How To Train For The Stakeholder Gauntlet

Industry Trends, Tools and Resources
Mitch Turck

Question: How will your business scale if the same handful of domain experts have to attend every late-stage deal?

It could be argued that the holy grail of product-market fit is having an employee who can pitch any prospective customer, and be entirely unfazed by the myriad job titles in attendance. COO, VP of Product, Head of PR, Sales Engineer, Data Science Lead… the more the merrier, and the more likely to move a deal forward. But at best, a typical company might have one all-star on the client side who can navigate this gauntlet of stakeholders in real-time.

I want to show you how distributes this authoritative confidence across your entire org, so that growth is no longer capped by the bandwidth of your internal experts.

Stop Sending Out The SME Bat Signal

Every company starts with the founder(s) participating in every deal. As the team grows, knowledge is disseminated, and what used to require an in-person elevator pitch starts to become marketing videos, product features, battlecards… the materials more team members can push to a larger market. But then, your sales team hits that dreaded stumbling block:

Pitches and demos just rehash what the customer’s already heard. Customer wants additional depth. Customer needs risk mitigation. Customer brings one of their domain experts to the table. Customer asks tough questions. As a result, the salesperson has to decelerate the deal and send up the bat signal to one of your own subject matter experts (who are surely spread thin as it is).

What’s really going on here is that the salesperson has only been equipped to walk a prospective customer down the happy path — we all know that’s not realistic, and from experience we already have a notion of what questions (or at least, themes) the customer’s going to ask. So why do we knowingly choose to make a poor impression and lose velocity?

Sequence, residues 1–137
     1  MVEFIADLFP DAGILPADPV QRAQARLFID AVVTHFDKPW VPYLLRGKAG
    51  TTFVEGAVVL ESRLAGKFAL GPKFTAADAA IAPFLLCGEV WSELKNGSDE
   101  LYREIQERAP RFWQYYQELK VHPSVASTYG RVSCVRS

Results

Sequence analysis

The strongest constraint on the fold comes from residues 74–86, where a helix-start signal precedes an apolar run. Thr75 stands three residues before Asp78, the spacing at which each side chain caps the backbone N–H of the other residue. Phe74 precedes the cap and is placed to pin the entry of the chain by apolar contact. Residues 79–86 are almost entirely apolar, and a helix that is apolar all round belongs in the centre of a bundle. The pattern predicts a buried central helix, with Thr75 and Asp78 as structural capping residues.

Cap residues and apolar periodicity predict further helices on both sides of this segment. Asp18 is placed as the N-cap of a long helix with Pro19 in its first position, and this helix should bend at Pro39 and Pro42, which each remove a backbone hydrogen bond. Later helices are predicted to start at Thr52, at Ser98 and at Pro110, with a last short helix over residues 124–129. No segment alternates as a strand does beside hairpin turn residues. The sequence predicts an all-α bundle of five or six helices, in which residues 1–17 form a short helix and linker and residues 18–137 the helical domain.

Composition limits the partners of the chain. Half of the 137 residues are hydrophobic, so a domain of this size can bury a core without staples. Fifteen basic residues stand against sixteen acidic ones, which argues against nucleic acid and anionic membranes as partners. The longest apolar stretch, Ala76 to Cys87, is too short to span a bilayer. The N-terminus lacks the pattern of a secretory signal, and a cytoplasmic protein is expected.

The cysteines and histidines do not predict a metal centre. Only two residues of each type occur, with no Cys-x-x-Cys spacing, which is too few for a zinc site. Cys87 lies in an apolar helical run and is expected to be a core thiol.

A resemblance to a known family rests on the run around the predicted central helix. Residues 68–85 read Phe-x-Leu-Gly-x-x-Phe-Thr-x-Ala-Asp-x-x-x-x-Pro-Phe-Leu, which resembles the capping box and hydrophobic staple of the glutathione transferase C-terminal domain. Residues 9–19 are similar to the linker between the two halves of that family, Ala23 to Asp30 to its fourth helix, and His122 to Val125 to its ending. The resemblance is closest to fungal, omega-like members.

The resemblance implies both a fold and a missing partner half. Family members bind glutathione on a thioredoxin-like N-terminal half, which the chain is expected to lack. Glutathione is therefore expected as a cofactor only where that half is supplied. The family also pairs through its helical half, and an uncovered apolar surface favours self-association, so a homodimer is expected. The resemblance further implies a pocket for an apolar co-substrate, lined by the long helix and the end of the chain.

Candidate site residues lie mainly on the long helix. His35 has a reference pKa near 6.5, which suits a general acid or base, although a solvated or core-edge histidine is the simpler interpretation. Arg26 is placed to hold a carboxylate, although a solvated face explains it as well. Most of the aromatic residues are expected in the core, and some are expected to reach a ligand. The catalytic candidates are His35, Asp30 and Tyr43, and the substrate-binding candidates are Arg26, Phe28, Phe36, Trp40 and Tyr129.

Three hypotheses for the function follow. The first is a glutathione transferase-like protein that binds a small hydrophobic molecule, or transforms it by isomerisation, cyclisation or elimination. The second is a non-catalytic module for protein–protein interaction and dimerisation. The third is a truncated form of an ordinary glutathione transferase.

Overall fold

It boils down to a culture issue, and that’s precisely where has targeted its solution.

You can’t scale an individual founder or subject matter expert, but you can absolutely scale their domain knowledge, their perspective on the market, and their sense of what to prioritize vs. what to let slide.’s matrix UI is built for this.

With a scalable platform — and built-in AI guidance to help inexperienced teammates contribute — SMEs can deliver more than just ad hoc answers. They can manage their bandwidth by prioritizing the most frequent questions being asked in the field, and distribute their knowledge (in whatever media format they like) framed by how much risk the question creates, how confident the answer is, and how differentiated they feel the answer to be.

Knowledge delivered through this underlying infrastructure can quickly illuminate the most confident and differentiated information client-facing teammates need to learn. And, as they put that education into practice, their own confidence increases, which in turn quantifies itself as deal acceleration (anecdotally, we’ve seen teams close deals up to 40% faster).

One of the major upsides to this approach is that you start identifying the unique superpowers of your client-side team members. Instead of simplistic round-robin lead assignment followed by panic-flagging for help on the deals, each representative gravitates towards the domain expertise where their confidence is growing fastest.

Instead of one “integrations” SME addressing every sales rep’s integration questions one by one, you may see five reps who have learned enough about how to address integrations in the context of customer conversations to bolster the knowledge on SkillBuilder, and thus boost the competence and confidence among the less-informed reps. It’s each one teach one, gone viral.

Is that a convincing reason to try SkillBuilder? If so, you can launch into a free demo here. If not, tell me why, and I’ll owe you a favor.

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